Hypoxia is an Imminent Global Problem!

In the environment, hypoxia refers to oxygen depletion in a water body, typically defined as dissolved oxygen concentrations of less than 2 mg/L. Hypoxiacan be caused by a variety of factors, including natural processes and human activities.
Hypoxia is associated with euthrophication. The natural processes causes hypoxia in the ocean is upwelling of cold, nutrient-rich water from the deep ocean to the surface. This process can lead to an overabundance of phytoplankton, which consume large amounts of oxygen. When the phytoplankton die and sink to the bottom, they are decomposed by bacteria, which consume even more oxygen, leading to hypoxic conditions. Human activities such as agriculture, sewage treatment, and industrial processes cause nutrient pollution. These nutrients can stimulate the excessive growth of phytophlankton, leading to the hypoxia.
Hypoxia is often the first stage in the development of a dead zone. Dead zones are areas in the ocean where there is very little or no oxygen, leading to a lack of marine life.

Number of Dead Zones increases dramatically in the past few decades!

Dead zones refers to an area in a water body where is very little or no oxygen, often associated with eutrophication (rich of nutrients like nitrogen and phosphorus). It leads to a lack of marine life and massive death, with serious economic consequences for indutries like fisheries and tourism.

Globally, 600+ dead zones associated with eutrophication, with a total area >245,000 km2, have been discovered. The number of dead zones doubled every decade since 60’s. The trend is increasing due to climate change and ripad population growth. Some examples include Gulf of Oman, Gulf of Mexico, Chesapeake Bay, and Baltic Sea. 

Source: Diaz & Rosenbeg, 2008

Hypoxia has caused major changes in ecosystems worldwide

Apart from mass mortality and economic loss, hypoxia causes various consequence to the ecosystem in the world.

  • Decrease in biodiversity and species richness
  • Change in trophic relationships and food web
  • Change in life cycle and species distribution
  • Alters bio-irrigation and bioturbation

Therefore, regular monitoring of dissolved oxygen is required!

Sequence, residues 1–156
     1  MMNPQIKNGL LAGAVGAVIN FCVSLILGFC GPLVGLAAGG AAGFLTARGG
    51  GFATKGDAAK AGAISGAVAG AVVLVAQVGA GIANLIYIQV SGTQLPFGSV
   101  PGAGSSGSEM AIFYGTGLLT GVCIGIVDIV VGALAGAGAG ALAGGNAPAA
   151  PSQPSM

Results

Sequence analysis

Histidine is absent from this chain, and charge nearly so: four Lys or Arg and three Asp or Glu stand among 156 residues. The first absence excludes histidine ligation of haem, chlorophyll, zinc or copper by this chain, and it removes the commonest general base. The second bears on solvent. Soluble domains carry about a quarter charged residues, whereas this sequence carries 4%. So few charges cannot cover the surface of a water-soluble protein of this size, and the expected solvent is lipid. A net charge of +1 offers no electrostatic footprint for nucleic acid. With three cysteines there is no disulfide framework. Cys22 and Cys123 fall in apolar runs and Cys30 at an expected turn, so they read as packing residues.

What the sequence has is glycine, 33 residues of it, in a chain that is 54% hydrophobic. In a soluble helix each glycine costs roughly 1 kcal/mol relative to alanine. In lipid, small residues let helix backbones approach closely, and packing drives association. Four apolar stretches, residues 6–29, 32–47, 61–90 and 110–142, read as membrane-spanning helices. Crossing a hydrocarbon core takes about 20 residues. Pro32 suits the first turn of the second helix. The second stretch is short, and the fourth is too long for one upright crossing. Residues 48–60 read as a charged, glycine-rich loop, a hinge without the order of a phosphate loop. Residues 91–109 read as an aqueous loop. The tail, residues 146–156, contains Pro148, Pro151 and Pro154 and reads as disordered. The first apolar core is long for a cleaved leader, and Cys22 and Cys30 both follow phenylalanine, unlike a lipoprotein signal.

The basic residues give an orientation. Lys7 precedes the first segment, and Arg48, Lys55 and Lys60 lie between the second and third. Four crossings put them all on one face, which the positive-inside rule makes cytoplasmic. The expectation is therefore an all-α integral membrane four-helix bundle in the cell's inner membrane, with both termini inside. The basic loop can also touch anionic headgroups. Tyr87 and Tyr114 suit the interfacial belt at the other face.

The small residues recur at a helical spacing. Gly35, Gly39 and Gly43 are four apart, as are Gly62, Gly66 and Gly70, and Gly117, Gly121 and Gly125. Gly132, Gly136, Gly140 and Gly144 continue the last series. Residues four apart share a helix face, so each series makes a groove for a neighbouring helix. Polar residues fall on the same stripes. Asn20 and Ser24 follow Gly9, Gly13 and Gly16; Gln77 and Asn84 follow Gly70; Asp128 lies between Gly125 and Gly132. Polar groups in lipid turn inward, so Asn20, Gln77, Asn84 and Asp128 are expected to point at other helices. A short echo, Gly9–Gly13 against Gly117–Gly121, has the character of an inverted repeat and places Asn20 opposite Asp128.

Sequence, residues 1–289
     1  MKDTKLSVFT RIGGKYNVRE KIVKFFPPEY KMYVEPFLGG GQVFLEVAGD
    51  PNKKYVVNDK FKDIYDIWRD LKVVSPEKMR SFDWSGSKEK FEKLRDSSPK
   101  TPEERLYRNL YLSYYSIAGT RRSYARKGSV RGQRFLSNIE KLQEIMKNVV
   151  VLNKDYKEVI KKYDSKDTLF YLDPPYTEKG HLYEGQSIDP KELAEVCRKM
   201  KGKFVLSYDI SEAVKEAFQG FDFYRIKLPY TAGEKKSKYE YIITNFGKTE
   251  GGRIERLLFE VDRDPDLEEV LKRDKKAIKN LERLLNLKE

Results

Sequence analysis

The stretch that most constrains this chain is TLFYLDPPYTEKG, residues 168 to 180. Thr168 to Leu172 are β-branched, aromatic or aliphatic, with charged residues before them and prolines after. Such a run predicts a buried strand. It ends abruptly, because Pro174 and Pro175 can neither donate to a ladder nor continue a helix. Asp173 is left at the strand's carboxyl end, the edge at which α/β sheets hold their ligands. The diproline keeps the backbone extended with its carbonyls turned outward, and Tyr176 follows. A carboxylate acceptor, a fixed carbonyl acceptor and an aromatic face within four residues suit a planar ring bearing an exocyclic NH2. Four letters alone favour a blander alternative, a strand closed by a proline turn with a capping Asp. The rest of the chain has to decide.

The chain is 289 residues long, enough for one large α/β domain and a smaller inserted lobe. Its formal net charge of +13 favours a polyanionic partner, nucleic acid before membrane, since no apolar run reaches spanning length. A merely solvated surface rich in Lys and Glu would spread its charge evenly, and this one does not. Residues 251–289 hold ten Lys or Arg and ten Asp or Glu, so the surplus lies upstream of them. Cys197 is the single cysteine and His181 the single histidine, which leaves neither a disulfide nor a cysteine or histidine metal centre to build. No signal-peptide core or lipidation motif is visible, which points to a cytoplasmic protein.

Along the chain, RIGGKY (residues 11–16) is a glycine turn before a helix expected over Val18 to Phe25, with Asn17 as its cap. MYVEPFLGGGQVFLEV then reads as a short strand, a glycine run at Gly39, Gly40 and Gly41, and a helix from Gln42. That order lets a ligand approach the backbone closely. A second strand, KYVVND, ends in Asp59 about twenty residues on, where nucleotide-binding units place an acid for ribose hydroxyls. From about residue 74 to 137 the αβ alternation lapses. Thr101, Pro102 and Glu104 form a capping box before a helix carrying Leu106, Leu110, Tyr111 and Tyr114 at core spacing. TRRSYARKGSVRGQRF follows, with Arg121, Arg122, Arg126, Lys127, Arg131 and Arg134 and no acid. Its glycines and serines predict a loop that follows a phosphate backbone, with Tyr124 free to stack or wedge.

Regular monitoring of DO

Existing dissolved oxygen monitoring technologies are based on:

  1. Winkler’s reaction for DO quantification is first proposed by Winkler in 1888. Although this method has good precision and accuracy, extensive field sampling followed by tedious laboratory analysis is required. This makes the long-term measurements practically difficult, let alone results cannot be available wintin a short time.
  2. Electrochemical DO sensors include galvanic and polarographic DO sensors. With these sensors immersed in the aquous media, the DO in the aqueous media can be measured based on the electrical current responses. Although the electrical signals of these sensors show a linear relationship with DO contect at a low DO level, their accuracy and usage are easily influenced by fouling of membrane, which blocks the passage of the dissolved oxygen. Thus, electrochemical DO sensor are not suitable for long-term and continuous measurements under field conditions.
  3. Optical DO sensors quantify DO content from the luminescence lifetime or intensity of the emissive dye as the quenching of emission is directly related to DO level. ALthough optical DO sensors of this type require very short initiation time and does not show significant drifts over prolonged period of operation, they are relatively expansive and show low sensitivity at high DO level. Moreover, their performance would also be affected by biofouling.

Challenge for regular monitoring of DO

Although there are several mature DO monitoring technologies, it is challenging for their long-term continuous operation.

  1. DO shows large termporal variations, especially in eutrophic systems.
  2. DO shows large spatal variations
  3. Regular maintenance of DO electrodes is required due to biofouling affecting the sensor performance.

NerOcean is tackling this global bottleneck!